Jihlava Closing Ceremony -- A Festival in Ascendance

30. 10. 2014 / Sam Graeme Beaton

čas čtení 3 minuty

Monday's closing ceremony in Jihlava saw the conclusion to the 18th annual festival and six days of workshops, masterclasses and of course the screening of both international and Czech documentaries for another year. The first hour of the ceremony, where the major awards were presented, was broadcast on Česká televize's dedicated arts channel, and can be viewed here: ZDE.

Undoubtedly the big winner of the evening was director Anna Roussillon, who scooped both the Opus Bonum (best international documentary) and First Lights (best debut) awards. Her film, Je suis le peuple (I am the People), exploring the political situation in Egypt from the perspective of villagers living many miles away from the urban hubs of Cairo and Alexandria. Two Czech films would receive significant accolades -- the first being the audience award going to Daniel's World (Danielův svět, dir. Veronika Lišková), a film which has certainly proven popular amongst festival goers this year, despite the challenging theme of a portrait of a man who lives as a gay paedophile. The Czech Joy section for the best domestic documentary was won by Into the Clouds we Gaze (K oblakům vzhlížíme, dir. Martin Dušek) an observational piece of subcultures and the life of a young man in northern Bohemia. Unfortunately I was not present for the full screening of these films, but I hope to be able to review them in due course. A full list of winners and Honourable Mentions is available on the festival website HERE.

The ceremony itself was, in my opinion, far better than the opening event. Unfortunately, the Vietnamese factory still made an appearance, but this time was in a more understated form -- the main interest of course being those who were winning awards. To this end, the engagement and wit of the presenters allowed for a pleasant couple of hours for audience members. Marek Hovorka, the director of Jihlava Festival, beamed from ear to ear when he commented that interest in the festival is on the up, both for those involved in the film industry and the thousands of visitors who come to the festival every year. Hovorka and his team should rightly be proud at this, and if they do, as the press release suggests, they need to look for more theatres to screen films in 2015, it goes to show the effect of both the films and festival experience on the visiting public.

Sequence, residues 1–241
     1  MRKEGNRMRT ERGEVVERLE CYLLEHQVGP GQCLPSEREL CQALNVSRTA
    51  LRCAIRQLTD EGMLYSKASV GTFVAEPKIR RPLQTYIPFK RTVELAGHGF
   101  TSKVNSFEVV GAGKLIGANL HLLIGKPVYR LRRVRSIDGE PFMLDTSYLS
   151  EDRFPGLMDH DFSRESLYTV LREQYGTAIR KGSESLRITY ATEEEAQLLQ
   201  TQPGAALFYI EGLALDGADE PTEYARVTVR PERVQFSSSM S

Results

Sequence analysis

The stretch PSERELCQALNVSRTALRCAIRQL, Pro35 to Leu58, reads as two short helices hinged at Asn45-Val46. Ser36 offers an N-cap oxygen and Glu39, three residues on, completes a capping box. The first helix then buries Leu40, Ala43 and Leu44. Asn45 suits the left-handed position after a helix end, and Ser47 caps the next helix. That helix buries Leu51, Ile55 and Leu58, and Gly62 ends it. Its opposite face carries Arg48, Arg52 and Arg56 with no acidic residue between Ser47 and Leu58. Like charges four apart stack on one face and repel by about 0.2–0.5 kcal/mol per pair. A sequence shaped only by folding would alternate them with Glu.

Last year, I wrote that there were several organisational problems, most notably in incorrectly advertising subtitling and interpretation. Based on the screenings I attended, this problem has been eradicated. That's not to say that there weren't some minor issues -where some venues were too small and others too big for the audience number that actually attended -- but if this demonstrates anything, it is that the festival is growing beyond the expectations of organisers. This is exciting news if it means attracting more high-quality films and directors to the festival, greater international participation and potentially further revenue and investment that can be put towards advancing Czech documentary film and its reception on the world stage.

I've already written about two films which I consider to be standouts -- Eric Baudelaire's Letters from Max and Jana Ševčíková's Opři žebřík o nebe (Lean a Ladder against Heaven). To this we can certainly add František svého druhu (František of his own Kind), directed by Jan Gogola ml. And Česká pivní válka (The Czech Beer War, dir. Jan Látal), two humorous and thought-provoking films which look at some rather eccentric characters and the lives they lead. Both of these documentaries will be reviewed on Britské listy in the next few days.



Obsah vydání | 30. 10. 2014